from Wiktionary, Creative Commons Attribution/Share-Alike License

  • v. To decorate or improve in appearance through artificial means.
  • v. To increase the liveliness of a horse by inserting an irritant, such as a piece of peeled raw ginger or a live eel, in its fundament.
  • v. To beat or whip; to drive.

from the GNU version of the Collaborative International Dictionary of English

  • transitive v. To beat or whip; to drive.

from The Century Dictionary and Cyclopedia

  • To beat or whip.
  • To discomfit; perplex.
  • To be perplexed.
  • n. A dirty, sluttish, idle fellow.


from Wiktionary, Creative Commons Attribution/Share-Alike License

From Dutch vegen ("to sweep, strike"), from Middle Dutch vēghen ("to cleanse"), from Old Dutch *fegōn ("to cleanse"), from Proto-Germanic *faginōnan (“to decorate, make beautiful”), from Proto-Indo-European *pōḱ-, *pēḱ- (“to clean, adorn”). Cognate with German fegen ("to cleanse, scour, sweep"), Danish feje ("to sweep"), Swedish feja ("to sweep"), Icelandic fægja ("to polish"). More at fay, fair.



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  • (verb) - To put ginger up a horse's fundament, and formerly a live eel, to make him lively and carry his tail well. A forfeit is incurred by any horse-dealer's servant who shall shew a horse without first feaguing him. --Francis Grose's Classical Dictionary of the Vulgar Tongue, 1796

    February 7, 2018

  • Well, in my world of sexy fantasy it rhymes with league. You pervert.

    October 28, 2009

  • in my world of sexy fantasy, this rhymes with 'ague'

    October 28, 2009

  • Etymology and succession of senses unclear. Probably related to 'fake' and (some senses of) obsolete 'feak'. The ultimate origin may be German fegen "sweep, clean up", which has slang senses like "plunder; fix, tamper with", as did English 'fake'.

    The source for the ginger-inserting sense is Grose's 1785 Classical Dictionary of the Vulgar Tongue. It looks to me like it's an instance of "fix" (make the horse appear livelier than it actually is).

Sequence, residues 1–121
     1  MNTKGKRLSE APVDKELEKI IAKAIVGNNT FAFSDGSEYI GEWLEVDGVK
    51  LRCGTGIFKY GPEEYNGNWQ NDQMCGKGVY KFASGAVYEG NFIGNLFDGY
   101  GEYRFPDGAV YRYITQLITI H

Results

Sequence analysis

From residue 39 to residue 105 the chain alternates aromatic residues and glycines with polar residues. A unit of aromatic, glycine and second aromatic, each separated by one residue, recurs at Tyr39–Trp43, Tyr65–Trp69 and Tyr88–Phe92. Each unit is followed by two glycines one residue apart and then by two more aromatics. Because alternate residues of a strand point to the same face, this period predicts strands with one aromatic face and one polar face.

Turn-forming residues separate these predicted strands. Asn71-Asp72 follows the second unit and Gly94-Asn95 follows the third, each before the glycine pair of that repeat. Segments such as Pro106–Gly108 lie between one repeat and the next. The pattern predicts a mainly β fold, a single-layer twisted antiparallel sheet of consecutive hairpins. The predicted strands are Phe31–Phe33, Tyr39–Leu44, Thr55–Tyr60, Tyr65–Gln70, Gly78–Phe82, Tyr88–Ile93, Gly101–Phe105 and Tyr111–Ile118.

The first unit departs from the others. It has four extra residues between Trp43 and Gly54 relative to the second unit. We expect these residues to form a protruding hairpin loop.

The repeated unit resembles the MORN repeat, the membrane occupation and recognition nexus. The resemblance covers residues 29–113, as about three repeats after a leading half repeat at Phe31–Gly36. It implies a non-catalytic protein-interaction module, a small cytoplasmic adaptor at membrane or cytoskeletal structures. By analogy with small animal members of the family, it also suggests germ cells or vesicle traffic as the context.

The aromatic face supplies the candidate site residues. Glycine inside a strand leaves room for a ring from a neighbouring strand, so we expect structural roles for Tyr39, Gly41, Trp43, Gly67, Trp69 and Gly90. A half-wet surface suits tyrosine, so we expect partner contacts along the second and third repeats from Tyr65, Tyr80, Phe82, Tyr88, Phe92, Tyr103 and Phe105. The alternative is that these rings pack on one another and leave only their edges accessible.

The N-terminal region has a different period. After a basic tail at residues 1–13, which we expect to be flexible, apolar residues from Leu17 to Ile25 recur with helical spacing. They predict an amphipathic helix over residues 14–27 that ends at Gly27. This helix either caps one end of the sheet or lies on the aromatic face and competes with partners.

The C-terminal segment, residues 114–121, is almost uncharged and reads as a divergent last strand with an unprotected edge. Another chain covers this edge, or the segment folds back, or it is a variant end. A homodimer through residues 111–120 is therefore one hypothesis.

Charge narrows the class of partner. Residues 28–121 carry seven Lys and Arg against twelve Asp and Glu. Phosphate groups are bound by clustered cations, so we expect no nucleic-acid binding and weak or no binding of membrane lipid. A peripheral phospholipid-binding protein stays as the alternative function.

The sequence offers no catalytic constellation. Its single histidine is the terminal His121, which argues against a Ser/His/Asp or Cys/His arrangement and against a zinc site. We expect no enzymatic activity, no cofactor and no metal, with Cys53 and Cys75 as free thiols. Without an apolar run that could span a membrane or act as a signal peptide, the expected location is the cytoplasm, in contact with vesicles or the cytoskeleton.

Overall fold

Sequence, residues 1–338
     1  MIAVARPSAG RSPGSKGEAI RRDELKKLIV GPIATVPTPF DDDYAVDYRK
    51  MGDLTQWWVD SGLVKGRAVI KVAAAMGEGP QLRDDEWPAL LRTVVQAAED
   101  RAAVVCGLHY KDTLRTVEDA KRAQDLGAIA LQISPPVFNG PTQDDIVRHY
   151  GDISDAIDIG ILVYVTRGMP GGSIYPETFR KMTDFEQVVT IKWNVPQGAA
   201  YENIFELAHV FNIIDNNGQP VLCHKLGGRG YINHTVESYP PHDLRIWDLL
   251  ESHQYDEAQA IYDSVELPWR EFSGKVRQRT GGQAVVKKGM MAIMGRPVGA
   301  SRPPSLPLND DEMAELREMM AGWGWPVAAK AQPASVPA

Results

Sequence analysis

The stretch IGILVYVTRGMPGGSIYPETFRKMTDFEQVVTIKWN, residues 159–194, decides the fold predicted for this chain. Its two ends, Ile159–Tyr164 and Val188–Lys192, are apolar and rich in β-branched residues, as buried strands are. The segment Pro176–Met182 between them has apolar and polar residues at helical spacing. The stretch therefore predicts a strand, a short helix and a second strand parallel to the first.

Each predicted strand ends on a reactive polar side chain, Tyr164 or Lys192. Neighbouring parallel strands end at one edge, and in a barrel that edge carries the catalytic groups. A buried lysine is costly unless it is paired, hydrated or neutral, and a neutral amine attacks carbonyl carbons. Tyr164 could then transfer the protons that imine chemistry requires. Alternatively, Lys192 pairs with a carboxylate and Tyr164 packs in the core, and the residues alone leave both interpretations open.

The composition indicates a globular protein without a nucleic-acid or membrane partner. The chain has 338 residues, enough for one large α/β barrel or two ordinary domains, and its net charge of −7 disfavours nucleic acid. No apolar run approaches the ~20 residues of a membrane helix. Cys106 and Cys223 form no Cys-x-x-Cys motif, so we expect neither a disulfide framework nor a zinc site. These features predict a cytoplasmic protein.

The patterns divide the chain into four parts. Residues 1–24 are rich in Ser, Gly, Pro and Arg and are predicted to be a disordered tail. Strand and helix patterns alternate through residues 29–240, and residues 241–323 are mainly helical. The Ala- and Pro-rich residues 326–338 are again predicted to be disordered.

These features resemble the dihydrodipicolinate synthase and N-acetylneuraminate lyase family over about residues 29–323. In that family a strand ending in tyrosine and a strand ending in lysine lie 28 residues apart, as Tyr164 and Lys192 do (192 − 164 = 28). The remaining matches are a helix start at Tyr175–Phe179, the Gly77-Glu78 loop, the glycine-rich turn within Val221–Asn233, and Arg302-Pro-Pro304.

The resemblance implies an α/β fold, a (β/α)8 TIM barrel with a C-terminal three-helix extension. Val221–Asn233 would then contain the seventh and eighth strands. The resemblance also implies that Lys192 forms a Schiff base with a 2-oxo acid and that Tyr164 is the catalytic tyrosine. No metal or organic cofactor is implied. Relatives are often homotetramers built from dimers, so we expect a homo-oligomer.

The word is in use long before this in senses more like "do for, fix the little red wagon of". The variant 'fake' is first known from Vaux's 1812 dictionary of flash language; from these, the modern sense of "forge, counterfeit" arose.

    July 29, 2008

  • Why does GoogleAds have a picture ad for "Spanish for the Health Professional" on this page?

    April 21, 2008

  • See feak for an interesting potential etymological connection.

    November 5, 2007

  • Blahahahahah!!! Good one!

    I actually didn't see that one coming. Har!

    November 5, 2007

  • How would one put ginger up a horse's rectum?

    wait for it ......

    Somewhat gingerly, I would imagine. (Collapses in helpless laughter at own dimwitticism)

    November 4, 2007

  • I hate to think about the poor fellow who had to put that eel into the horse's patootie...

    November 4, 2007

  • It ought to be pronounced feg-way.

    November 4, 2007

  • Given a choice, I'd run in the opposite direction, screaming.

    November 4, 2007

  • Sensing that this just couldn't be real and must be one of sionnach's strange jokes, I looked it up. It seems that putting ginger up a horse's rear end (a fun new meaning for end user!) supplanted the previous practice of putting a live eel in the same location.

    I don't know if I'd rather be the horse or the eel in that situation.

    November 4, 2007

  • to put ginger up a horse's rear end, to make him lively and carry his tail well

    November 4, 2007